facilities for basic blood, urine and stool tests, a small pharmacy and an ultrasound.
HIV testing is also available and the clinic employs a full time HIV counsellor. Costs
are subsidised by the missionary organisation, but patients must contribute standard
amounts towards their treatment. For example, patients pay 200 shillings to see the
doctor (equivalent of approximately 8p).

Patients started arriving from around 0730 and a number card system was used to
organise appointments. Typically one doctor would see between 30 and 50 patients in
a day. Complaints were massively more varied and severe than one would see in an
equivalent British setting. This year had actually been a very good year for the rains
which meant that people’s crops had done better (most people in the villages are
subsidiary farmers) meaning that there was more money available to spend on
healthcare. Consequently a higher proportion of patients were presenting with chronic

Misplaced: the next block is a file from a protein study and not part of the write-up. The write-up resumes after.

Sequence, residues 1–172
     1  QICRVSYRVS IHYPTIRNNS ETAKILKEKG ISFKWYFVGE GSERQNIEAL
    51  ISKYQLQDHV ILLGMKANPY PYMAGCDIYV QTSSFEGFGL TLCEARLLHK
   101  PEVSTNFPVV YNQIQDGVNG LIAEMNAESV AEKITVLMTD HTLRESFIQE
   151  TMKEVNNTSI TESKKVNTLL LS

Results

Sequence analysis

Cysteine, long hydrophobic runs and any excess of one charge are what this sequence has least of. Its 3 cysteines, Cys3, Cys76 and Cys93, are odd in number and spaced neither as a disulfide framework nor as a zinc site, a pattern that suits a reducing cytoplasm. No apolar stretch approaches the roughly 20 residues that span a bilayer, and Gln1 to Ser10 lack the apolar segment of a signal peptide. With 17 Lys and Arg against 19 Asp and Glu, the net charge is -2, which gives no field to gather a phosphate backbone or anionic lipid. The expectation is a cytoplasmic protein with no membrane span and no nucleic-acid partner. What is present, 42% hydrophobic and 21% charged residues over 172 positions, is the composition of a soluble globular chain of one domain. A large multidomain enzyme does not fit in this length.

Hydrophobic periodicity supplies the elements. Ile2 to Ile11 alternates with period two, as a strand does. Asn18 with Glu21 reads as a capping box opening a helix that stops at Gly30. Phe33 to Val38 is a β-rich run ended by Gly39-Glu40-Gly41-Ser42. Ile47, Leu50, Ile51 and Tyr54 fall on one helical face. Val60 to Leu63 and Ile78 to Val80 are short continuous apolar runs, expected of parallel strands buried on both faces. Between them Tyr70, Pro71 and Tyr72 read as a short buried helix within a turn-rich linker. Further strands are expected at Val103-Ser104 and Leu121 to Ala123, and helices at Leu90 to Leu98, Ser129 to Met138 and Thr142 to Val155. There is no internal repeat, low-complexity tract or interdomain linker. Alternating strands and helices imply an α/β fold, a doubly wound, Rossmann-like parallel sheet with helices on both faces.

complaints that they had been unable to afford getting seen to in previous years. The
most common diagnoses however were malaria and worms, and it was not long before
I picked up the Kiswahili words for common symptoms and commands used during
the examination.

Baby Safari
Baby Safari was always a fun day. A car-full of nurses would leave the clinic around
10 and drive to one of the remote villages. Gradually women and children would
congregate as the nurses set up. Under-fives are weighed, and growth is charted.
Vaccinations are given to babies and all the pregnant women are examined and their
progress monitored. Finally, women can come for contraception. The oral
contraceptive pill is free, but most women choose to pay for a depot injection – the
men tend to by unsympathetic to the need for birth control (possibly because they’ve
never seen labour) and this means that it can all be done without their husband’s

The local hospital was financed by the government and had more extensive facilities
than the clinic. It had 8 wards each with approximately 8 beds, 2 theatre rooms, a
maternity waiting home and some outpatient facilities as well. There was also a